In itself, Friday’s announcement that Archbishop Salvatore Cordileone formally has barred House Speaker Nancy Pelosi from receiving Communion over her support for abortion rights probably shouldn’t be surprising, and it also may not be very consequential, at least in the short term.
U.S. bishops have invited Catholics to fast and pray the rosary on Friday, May 13, in response to national tensions over a leaked Supreme Court draft opinion that would overturn Roe v. Wade, and put abortion law solely in the hands of states.
In a reminder to New York Catholics that abortion access will likely go unfettered in the state regardless of federal rulings, the state’s bishops are calling on the faithful to advocate with charity, sensitivity and clarity, and to reaffirm the Church’s commitment to walking with pregnant mothers.
Sherif Girgis said he felt “kind of a gut punch” after the draft of a Supreme Court majority decision was leaked late on May 2. The former law clerk at the nation’s high court couldn’t believe what he called an “astonishing and appalling” move by the leaker.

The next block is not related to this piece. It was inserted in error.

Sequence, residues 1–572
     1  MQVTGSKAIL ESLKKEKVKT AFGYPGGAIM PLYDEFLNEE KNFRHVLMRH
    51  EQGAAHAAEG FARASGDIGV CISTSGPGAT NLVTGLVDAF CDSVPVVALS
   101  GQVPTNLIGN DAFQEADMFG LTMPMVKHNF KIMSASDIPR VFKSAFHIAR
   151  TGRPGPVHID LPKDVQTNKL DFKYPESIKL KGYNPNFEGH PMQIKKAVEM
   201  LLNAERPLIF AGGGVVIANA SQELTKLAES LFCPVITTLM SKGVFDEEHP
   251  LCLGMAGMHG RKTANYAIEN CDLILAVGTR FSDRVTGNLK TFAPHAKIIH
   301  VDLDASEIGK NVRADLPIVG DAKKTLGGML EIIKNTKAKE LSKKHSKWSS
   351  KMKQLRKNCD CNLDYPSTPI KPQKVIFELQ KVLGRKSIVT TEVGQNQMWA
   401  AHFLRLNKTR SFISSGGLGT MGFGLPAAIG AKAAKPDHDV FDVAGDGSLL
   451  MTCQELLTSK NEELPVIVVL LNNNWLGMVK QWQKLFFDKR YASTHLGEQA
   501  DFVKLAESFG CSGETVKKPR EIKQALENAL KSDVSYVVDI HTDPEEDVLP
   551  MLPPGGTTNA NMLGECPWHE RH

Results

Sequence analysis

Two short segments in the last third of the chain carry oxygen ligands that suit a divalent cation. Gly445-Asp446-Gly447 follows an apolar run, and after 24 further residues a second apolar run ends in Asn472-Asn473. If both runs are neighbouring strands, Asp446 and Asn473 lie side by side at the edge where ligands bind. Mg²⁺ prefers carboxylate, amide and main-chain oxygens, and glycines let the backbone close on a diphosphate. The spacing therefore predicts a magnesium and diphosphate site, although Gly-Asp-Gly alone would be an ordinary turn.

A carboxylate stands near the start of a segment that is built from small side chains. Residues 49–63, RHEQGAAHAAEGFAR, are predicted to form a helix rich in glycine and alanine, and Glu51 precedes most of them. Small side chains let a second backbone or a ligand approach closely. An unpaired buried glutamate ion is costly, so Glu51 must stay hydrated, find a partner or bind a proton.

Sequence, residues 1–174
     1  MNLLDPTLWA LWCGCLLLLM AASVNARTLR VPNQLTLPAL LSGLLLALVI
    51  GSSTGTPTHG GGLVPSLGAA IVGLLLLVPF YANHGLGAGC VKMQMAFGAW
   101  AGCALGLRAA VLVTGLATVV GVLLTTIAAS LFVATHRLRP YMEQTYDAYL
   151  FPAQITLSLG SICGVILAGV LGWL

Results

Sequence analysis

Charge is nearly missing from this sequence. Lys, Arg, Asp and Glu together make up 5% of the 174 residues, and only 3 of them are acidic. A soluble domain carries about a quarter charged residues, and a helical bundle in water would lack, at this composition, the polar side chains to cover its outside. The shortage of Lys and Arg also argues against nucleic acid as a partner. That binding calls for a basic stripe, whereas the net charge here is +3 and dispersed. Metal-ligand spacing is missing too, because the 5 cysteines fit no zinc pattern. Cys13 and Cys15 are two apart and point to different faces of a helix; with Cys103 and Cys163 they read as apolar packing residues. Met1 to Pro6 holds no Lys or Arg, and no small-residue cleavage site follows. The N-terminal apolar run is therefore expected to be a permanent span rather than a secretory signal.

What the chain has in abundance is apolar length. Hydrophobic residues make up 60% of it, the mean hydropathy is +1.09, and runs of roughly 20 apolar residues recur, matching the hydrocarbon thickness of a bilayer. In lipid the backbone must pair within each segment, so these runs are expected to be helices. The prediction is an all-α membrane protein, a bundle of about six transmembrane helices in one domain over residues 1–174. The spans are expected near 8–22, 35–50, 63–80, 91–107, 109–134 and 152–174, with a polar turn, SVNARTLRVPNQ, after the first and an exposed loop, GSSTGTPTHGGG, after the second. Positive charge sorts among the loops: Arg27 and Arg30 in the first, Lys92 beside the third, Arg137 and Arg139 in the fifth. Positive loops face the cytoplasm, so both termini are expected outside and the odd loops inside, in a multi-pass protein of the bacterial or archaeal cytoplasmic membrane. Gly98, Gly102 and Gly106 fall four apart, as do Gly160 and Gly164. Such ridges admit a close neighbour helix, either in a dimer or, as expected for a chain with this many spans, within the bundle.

Although many pro-life groups immediately reacted positively to the news that the majority of Supreme Court justices seem set to overturn the court’s Roe v. Wade decision, some tempered their reaction with a continued call for more advocacy while others kept a wait-and-see approach until the court issues its opinion in the weeks ahead.
The Supreme Court appears set to overturn its Roe v. Wade decision, which legalized abortion for nearly 50 years, according to a leaked initial draft of a court opinion obtained by Politico and published online late Monday, May 2.
In opening remarks April 27 at the fourth annual Virginia March for Life, Richmond Bishop Barry C. Knestout told participants that their advocacy on behalf of the unborn “was more necessary than ever.”
The executive director of the March 25 National Prayer Luncheon for Life said the pro-life movement is “very hopeful” the U.S. Supreme Court will soon overturn Roe.
Ahead of a Senate vote next week, two U.S. Bishops Conference chairpeople have labeled a bill that would codify abortion rights into federal law as “built on a false and despairing narrative” that abortion is the “only, or best, solution to a crisis pregnancy.”
Though not every participant at the annual March for Life in Washington is Catholic, the faithful presence of those who are is made abundantly apparent every year.